How to Deal With Dust While You Ride - Motorbike Writer

2022-10-08 14:35:13 By : Ms. Angela Zhang

You can’t avoid being exposed to the elements when you’re on a motorcycle — it’s part of the package, and the only thing you can do is try and reduce the effect it has on you. While there’s a vast expanse of riding gear to protect you from the weather, there’s only so much you can do to counteract dust. You don’t have to be an MX rider or off-road junkie to come in contact with dust on a motorcycle. It could be from a construction site you pass by, or a dust cloud caused by a vehicle in front of you — your everyday commute on city streets has enough for you to worry about.

Besides affecting how comfortable you feel, excess dust can also have detrimental effects on your health. A research paper by Raihan Khan and Mark A. Strand, published in 2018, compiled the impact that road dust has on human health. It mentions that road dust contains lead, platinum, rhodium, bohrium, aluminum, and polycyclic aromatic hydrocarbons, all of which can cause issues with the respiratory system. Their paper mentions that the long-term consequences of road dust exposure can be as severe as respiratory cancer. People are susceptible to various other complications in regions with a lot of lead in the dust.

At the end of the day, you cannot completely avoid being exposed to dust when you’re on a motorcycle. That said, there are steps you can take to significantly reduce how much you inhale. Unless you have a pre-existing respiratory condition, breathing in road dust may not bring about immediate signs of discomfort. Still, the research shows that there are long-term effects you should take seriously. Here are some of the things you can do to reduce how much dust your body has to deal with when on a motorcycle:

One of the more essential things you can do to reduce how much dust reaches your face is to wear a full-face helmet. If you ride primarily in the dirt or off-road, we hope you wear a full-face helmet anyway for the added safety they provide. However, if you ride mainly on tarmac or commute on your motorcycle with a half-face helmet, you should consider switching to a full-face unit. A full-face helmet with the visor down does an excellent job as a physical barrier against dust and other pollutants thrown up by vehicles in front of you.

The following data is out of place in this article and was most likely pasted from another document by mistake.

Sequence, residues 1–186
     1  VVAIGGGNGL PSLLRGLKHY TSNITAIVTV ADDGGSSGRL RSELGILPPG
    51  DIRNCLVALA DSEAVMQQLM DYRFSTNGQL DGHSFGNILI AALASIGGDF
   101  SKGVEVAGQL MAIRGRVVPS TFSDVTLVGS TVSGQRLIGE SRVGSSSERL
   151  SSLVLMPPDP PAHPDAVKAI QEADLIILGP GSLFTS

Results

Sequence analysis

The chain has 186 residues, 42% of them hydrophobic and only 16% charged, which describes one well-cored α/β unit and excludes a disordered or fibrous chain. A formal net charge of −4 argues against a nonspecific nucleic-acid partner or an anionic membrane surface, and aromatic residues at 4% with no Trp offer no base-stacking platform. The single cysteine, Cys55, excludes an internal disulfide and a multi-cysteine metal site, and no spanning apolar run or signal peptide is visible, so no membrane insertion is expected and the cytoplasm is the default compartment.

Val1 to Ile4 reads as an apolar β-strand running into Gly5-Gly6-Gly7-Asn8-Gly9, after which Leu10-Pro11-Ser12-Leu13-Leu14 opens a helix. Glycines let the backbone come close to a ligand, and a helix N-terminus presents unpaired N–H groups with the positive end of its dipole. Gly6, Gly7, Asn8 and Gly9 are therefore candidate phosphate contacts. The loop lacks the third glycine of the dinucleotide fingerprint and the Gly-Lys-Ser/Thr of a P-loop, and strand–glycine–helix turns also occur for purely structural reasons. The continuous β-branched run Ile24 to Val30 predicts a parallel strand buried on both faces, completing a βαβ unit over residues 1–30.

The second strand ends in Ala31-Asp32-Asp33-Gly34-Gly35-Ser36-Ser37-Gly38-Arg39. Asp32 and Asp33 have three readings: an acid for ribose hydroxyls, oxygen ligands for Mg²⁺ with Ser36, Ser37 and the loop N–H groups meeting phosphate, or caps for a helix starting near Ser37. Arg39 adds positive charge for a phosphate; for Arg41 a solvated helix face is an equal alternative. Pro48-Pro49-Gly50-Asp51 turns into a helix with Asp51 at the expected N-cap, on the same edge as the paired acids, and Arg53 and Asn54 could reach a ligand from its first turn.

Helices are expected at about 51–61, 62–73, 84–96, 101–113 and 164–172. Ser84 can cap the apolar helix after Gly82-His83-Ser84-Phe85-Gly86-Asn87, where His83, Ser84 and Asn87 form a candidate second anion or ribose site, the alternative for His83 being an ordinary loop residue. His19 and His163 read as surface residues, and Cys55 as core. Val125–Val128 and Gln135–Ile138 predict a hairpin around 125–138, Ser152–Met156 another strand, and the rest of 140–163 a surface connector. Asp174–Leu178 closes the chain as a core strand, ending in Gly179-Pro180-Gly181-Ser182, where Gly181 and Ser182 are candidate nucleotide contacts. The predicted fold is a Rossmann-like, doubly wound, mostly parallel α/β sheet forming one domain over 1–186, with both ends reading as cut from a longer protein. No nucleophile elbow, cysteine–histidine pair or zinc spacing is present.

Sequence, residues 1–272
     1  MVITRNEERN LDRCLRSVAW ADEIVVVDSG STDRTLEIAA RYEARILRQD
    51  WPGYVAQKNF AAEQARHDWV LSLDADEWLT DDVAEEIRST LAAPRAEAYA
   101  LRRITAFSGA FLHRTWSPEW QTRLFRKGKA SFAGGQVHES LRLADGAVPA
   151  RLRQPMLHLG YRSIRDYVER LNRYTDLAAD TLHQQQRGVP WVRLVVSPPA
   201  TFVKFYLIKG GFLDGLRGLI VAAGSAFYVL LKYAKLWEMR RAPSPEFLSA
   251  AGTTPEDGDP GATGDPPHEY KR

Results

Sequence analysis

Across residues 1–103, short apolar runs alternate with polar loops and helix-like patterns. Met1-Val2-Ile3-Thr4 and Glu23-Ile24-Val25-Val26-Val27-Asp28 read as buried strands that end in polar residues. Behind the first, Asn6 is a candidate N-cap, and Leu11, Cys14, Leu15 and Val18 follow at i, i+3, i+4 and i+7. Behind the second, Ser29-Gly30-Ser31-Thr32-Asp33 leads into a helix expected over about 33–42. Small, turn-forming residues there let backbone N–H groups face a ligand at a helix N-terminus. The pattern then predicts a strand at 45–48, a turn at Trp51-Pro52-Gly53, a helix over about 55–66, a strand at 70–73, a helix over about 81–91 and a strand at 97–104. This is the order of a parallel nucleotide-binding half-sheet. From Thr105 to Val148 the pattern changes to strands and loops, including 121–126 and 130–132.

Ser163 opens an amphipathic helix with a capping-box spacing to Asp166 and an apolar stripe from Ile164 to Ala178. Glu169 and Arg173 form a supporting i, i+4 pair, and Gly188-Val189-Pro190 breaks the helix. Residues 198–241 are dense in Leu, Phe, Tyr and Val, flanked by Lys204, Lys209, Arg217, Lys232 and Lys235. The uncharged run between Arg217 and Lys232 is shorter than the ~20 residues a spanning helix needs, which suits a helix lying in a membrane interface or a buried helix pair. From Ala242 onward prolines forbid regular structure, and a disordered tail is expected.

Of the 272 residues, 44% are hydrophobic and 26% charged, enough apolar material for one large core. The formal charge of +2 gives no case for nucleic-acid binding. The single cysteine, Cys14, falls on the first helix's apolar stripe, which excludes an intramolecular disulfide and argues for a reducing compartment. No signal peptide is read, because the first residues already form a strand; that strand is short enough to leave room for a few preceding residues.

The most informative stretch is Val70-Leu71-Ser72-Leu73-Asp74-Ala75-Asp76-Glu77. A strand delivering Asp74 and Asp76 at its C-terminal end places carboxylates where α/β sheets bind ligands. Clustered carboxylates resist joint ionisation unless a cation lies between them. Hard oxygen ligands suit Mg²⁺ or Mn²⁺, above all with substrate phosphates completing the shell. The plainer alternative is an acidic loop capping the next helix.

In fact, a 2016 study by Dirk Goossens and Brenda Buck found that the concentration of airborne dust at the mouth was about 50 percent lower than ambient concentration when wearing a full-face helmet.

It’s worth noting that a full-face helmet is a significant first step to counteracting dust exposure, but it isn’t a comprehensive solution by any means. If your full-face helmet doesn’t have a chin guard, it allows the formation of a channel of air that flows into the helmet. Plus, you will crack your visor open at some point, exposing your face. That’s where a dust-filtering mask or balaclava comes in. These masks have been specifically designed to filter out microscopic dust particles so the air you breathe is as clean as possible. There are several dust masks out there, so you must get one that’s been designed and manufactured well.

Naroo motorcycle balaclavas are a mix between a comfort-focused balaclava and a particulate-filtering mask. On the filtration side, they claim to be effective for particles as small as 1.7μm — 40 times smaller than a strand of human hair. For perspective, most masks filter particulates down to 2.5 μm. Equally as important for a rider, Naroo masks allow for ample airflow through the mask and are machine washable.

Of all its products, the Naroo F3H and F3F are particularly impressive. Both are made from similar fabrics and offer identical features but vary in shape. Some stand-out elements of the F3H and F3F include moisture wicking, washable and reusable fabric, UV protection, and high breathability.

While this might seem like an obvious step and one that doesn’t require mentioning, some specifics might help. Reducing your exposure to dirt doesn’t mean you stop riding off-road or on gravel. However, if you find yourself on one, try and create distance between the rider or vehicle in front of you so you aren’t riding through a cloud of dust they’ve just thrown up.

Similarly, if you plan to head out and explore some trails, it helps if you do this early in the morning. The morning dew and moisture in the air hold dust particles to the ground, and the amount of dust you’ll have to deal with will be much less.

To conclude, the only way to completely eliminate dust while riding would be to stop altogether, which is a rather extreme step. The second best thing you can do is wear a full-face helmet and a dust-filtering mask.

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